I go back to the master chef from time to time to see what I can pick up. With a fresh Gobi, my natural choice was Sanjeev Kapoor. His achari Gobi has an Amritsari charm along with whole spices but I powdered them as we do not prefer to bite into them. I skipped the vinegar but added the yogurt, other than that the recipe is a lift off from Sanjeev Kapoor.

Pepped up with mustard oil, this curry has the flavors of fenugreek, fennel seeds and onions seeds wrapping up the succulent Cauliflower florets - a sure crowd pleaser for a big gathering or a small family meal. We had it with warm chapatis and some tangy sautekayi gojju on the side, yumm. Winter cold becomes bearable with such a dish.
What do you need to make Achari Gobi?
1 medium sized cauliflower - about 4 cups of florets
1 inch piece fresh ginger
2 cloves garlic
1/4 cup yogurt
1 Tsp salt (adjust to taste)
2 Tblsp mustard oil
1 Tsp cumin
1/2 Tsp Kalonji/onion seeds
1/4 Tsp Turmeric powder
To powder:
1/2 Tsp mustard
1.5 Tsp fenugreek seeds
1 Tsp fennel seeds/saunf
2-3 dry red chilies
How do you make Achari Gobi?
  • Remove the stalk end and the surrounding leaves of the cauliflower, separate the florets and cut them in to desired size.
  • Wash, peel and make a paste of ginger.
  • Make a paste of garlic cloves.
  • Take the ingredients under 'To powder' to a spice grinder or mortar and pestle and make a fine powder, keep covered until ready to use.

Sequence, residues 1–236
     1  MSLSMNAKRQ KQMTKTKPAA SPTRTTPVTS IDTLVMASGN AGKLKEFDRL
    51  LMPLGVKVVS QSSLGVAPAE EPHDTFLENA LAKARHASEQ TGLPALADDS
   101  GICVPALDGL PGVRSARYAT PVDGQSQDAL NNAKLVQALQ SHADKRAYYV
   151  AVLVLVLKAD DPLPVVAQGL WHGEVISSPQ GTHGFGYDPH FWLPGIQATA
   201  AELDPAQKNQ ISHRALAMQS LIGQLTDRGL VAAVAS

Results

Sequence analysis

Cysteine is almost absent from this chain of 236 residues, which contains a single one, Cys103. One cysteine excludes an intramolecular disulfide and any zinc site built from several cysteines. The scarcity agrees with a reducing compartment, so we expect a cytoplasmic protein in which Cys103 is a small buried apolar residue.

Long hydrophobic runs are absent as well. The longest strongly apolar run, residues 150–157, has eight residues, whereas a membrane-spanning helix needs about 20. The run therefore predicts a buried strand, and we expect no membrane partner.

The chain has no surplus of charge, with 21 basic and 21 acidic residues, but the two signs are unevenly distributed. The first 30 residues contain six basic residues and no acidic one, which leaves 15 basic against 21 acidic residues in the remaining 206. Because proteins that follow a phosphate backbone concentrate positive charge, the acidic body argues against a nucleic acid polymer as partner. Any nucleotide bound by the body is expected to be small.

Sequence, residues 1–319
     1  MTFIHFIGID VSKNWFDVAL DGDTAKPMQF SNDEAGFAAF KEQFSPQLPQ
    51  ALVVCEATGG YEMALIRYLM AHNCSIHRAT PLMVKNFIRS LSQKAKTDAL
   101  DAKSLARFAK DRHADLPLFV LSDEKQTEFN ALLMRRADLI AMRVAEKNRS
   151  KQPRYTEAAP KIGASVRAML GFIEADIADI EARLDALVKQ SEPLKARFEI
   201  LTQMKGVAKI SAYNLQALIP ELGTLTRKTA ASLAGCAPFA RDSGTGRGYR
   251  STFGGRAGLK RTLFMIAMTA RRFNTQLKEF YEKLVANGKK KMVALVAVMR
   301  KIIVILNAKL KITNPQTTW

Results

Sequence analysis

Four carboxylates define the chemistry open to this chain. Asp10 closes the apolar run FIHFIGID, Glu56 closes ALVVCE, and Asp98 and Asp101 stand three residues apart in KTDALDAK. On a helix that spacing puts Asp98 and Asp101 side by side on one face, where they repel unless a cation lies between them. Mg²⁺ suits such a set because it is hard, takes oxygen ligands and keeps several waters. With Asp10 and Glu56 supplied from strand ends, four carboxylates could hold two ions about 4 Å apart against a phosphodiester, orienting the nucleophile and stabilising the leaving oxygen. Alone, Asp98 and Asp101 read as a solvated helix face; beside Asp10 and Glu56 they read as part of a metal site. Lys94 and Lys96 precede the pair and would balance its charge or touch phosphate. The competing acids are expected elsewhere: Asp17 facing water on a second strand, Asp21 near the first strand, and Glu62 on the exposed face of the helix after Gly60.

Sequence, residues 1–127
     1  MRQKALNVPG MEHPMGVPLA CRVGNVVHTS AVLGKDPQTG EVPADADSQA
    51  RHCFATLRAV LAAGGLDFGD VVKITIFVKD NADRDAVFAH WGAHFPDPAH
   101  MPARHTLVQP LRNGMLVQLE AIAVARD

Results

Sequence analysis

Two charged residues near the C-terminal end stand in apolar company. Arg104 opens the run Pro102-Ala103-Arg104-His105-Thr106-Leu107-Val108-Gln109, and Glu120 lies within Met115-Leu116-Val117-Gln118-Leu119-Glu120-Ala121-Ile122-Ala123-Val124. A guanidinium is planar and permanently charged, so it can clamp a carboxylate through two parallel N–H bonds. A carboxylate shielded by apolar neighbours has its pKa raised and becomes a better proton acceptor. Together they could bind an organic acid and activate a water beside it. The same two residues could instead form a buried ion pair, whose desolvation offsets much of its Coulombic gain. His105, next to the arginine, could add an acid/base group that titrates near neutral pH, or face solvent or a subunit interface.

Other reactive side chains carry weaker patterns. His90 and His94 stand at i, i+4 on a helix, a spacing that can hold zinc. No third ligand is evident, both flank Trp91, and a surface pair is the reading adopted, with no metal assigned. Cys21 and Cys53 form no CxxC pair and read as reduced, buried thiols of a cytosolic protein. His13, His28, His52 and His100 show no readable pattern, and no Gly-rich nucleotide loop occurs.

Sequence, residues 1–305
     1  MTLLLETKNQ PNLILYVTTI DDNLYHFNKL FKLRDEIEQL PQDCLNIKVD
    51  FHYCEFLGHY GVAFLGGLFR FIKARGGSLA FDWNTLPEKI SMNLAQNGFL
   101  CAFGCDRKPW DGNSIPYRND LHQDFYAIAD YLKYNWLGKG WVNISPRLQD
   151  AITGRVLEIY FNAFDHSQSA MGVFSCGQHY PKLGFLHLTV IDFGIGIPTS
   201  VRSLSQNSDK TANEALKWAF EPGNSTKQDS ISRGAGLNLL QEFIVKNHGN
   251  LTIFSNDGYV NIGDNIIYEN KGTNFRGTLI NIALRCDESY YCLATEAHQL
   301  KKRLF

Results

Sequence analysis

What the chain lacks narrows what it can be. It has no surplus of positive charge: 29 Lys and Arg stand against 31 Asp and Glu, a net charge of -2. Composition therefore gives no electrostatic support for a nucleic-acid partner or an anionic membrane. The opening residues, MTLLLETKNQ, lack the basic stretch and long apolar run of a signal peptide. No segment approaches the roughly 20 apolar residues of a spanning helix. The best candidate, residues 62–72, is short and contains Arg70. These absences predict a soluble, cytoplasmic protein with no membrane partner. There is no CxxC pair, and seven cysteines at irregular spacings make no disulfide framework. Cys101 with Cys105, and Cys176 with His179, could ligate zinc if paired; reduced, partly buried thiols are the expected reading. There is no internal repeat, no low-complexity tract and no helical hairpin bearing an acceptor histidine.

• Heat oil in a wide pan, when it is about to start smoking, add cumin followed by Kalonji and turmeric powder.
  • Add the cauliflower florets, stir it in to mix, add salt, ginger and garlic paste.
  • Add 1/4 cup water, cover and cook on medium heat for 4-5 minutes until the cauliflower becomes slightly soft.
  • Add the masala powder, mix in thoroughly, cover and cook for another 5-7 minutes until cauliflower is fork tender.
  • Add the yogurt, increase heat and cook for a couple of minutes until the liquids evaporate.
  • Serve garnished with chopped cilantro and a squeeze of lemon.
  • Mustard oil gives the dish an authentic pickle taste, if you do not have it, use any other oil.
  • Use a wide pan so the cauliflower florets are distributed in a single layer, do not pile or crowd them in a small pan to ensure uniform cooking.
  • Yogurt brings the required tartness in the dish, you can replace it with vinegar or dry mango powder instead.
  • Actual cook time depends on the size of the cauliflower pieces and your stove but the entire process does not take more than 15 minutes from start to finish, adjust the time to end with juicy soft florets that hold their shape without collapsing.
  • This is not a curry with gravy, it is moist but dry, so increase heat once you add yogurt to help the liquids evaporate.


NamsVeni Pothas said...

achari Gobi looks very lovely and mouth watering. goes with chapathi and dose also. nice dish and wonderful narration with beautiful pictures.

Priya Suresh said...

Love achari aloo,achari baingan and am adding this achari gobi in that list, fantastic dish.